7. Modify Your Workout Plan For Exercising In Hot Weather

Exercising in hot weather may require you to modify your usual workout plan. For example, if your plan includes interval training, you’d benefit from increasing your rest breaks.

When it comes to increasing the intensity and lengths of your outside workouts, do it gradually. Doing so will allow you to keep tabs on how far you can push yourself without going too hard.

8. Hit The Pool

Swimming is a great way to exercise in hot weather. You can stay relatively cool while getting a full body workout. Remember to wear waterproof sunscreen if you’re swimming in an outdoor pool or lake.

9. Go To The Gym

Even if the gym isn’t air conditioned, it can be beneficial to get out of the sun when you’re exercising. A lunchtime workout in the gym is a lot more pleasant and safer than under the beating sun.

However, you still need to be sufficiently hydrated when working out in the gym.

10. Check The Weather Report Before Exercising In Hot Weather

Before you slip on your running shoes, check out the weather report. If the temperature is high, it’s best to dial back your workout or wait until it cools down. If you plan on doing a workout that you’d typically find easy, you could be surprised by how intense and dangerous it feels on a hot day.

People affected more by exercising in hot weather include people with larger bodies, the elderly, kids and those new to exercise.

Heat Exhaustion and Heat Stroke

As we’ve already mentioned, exercising in hot weather can cause heat exhaustion and heat stroke. But what are the symptoms?

Heat exhaustion is less severe than heat stroke. You can show signs of heat exhaustion over several days of being exposed to high temperatures, especially if you haven’t topped up your fluids.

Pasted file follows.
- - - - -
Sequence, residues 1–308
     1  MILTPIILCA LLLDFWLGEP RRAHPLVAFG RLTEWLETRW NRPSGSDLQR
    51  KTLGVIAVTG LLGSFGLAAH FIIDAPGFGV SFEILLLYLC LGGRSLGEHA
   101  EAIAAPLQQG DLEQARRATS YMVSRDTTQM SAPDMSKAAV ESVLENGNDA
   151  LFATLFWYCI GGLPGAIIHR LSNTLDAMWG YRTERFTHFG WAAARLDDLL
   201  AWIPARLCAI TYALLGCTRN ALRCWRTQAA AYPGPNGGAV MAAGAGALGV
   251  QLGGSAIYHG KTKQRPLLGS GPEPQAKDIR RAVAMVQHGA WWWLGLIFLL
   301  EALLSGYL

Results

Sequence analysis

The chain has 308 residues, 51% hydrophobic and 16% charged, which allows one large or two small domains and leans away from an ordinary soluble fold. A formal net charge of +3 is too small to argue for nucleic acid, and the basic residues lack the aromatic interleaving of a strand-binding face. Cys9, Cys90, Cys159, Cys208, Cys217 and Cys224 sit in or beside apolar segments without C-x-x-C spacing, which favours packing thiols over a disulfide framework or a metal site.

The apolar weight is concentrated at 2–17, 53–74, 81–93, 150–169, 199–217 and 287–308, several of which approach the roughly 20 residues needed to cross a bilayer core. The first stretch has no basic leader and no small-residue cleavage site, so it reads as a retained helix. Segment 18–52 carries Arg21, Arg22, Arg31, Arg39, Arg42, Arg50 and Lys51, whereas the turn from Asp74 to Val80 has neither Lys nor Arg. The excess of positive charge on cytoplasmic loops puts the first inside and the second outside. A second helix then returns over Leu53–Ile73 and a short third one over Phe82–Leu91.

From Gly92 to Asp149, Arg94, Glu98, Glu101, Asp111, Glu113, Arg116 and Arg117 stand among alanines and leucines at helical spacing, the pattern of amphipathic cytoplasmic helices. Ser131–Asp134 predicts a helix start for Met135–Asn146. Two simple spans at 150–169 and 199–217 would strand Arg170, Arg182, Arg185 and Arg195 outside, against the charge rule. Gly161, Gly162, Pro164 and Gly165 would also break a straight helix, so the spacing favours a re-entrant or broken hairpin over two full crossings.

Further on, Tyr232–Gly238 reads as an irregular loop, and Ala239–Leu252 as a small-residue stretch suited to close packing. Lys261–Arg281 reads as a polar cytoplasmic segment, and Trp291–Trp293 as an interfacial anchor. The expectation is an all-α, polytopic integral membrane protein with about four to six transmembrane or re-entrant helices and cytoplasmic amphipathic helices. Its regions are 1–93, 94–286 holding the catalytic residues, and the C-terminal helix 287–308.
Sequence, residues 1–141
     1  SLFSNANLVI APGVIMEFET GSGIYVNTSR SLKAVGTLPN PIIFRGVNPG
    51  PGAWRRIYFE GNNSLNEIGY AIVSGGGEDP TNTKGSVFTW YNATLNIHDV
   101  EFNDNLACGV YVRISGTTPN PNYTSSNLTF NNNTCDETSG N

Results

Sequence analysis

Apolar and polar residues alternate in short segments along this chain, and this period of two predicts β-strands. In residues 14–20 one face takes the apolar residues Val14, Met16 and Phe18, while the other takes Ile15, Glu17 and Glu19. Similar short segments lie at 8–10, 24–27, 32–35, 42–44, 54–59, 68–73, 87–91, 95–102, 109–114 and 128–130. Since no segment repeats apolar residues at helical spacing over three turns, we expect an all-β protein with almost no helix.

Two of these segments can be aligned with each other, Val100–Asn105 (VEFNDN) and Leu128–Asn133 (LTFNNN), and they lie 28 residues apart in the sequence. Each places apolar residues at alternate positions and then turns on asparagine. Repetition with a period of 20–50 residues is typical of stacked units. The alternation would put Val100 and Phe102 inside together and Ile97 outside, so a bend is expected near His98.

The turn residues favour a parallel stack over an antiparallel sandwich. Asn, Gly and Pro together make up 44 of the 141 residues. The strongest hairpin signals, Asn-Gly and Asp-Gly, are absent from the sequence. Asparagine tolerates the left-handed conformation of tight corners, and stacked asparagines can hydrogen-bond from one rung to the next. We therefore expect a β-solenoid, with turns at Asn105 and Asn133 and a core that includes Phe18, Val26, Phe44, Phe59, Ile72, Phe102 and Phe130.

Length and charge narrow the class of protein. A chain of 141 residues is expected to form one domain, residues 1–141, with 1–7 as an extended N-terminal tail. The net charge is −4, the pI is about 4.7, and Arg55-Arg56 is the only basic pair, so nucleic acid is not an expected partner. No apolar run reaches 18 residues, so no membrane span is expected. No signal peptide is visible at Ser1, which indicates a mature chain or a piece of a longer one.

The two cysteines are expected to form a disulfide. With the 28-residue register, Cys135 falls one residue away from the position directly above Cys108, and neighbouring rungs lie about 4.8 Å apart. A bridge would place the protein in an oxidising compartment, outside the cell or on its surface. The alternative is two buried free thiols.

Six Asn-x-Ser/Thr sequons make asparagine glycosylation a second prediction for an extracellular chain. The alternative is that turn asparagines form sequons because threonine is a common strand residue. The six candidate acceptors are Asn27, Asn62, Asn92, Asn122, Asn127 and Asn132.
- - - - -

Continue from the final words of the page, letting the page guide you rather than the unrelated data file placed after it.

Signs of heat exhaustion include:

  • Heavy sweating 
  • Muscle cramps 
  • Fatigue
  • Weakness 
  • Dizziness 
  • Headache
  • Fainting
  • Nausea or vomiting 
  • Dark urine
  • Cool, moist skin

If you get heat exhaustion and leave it untreated, it may worsen to a point where you get heat stroke. Heat stroke is more serious, and your body temperature can rise to 40 degrees Celcius within 10 to 15 minutes.

Symptoms of heat stroke include:

  • Dry, hot skin (no sweating)
  • Rapid, weak pulse
  • Confusion
  • Seizures
  • Unconsciousness

Call the emergency services immediately if you see someone with any warning signs of heat stroke. You should then try to cool them down by placing them in the shade and bringing their body temperature down with cool water. According to the Mayo Clinic, the quicker you can receive cold water immersion, the better,

Final Thoughts On Exercising In Hot Weather

The key things with exercising in hot weather are to prepare for the heat or avoid it and to know your limits. There’s nothing wrong with missing a workout if it’s going to be bad for you. It’s better to stay safe than put yourself at risk.

Contact us if you want more information on exercising in hot weather or a modified training plan.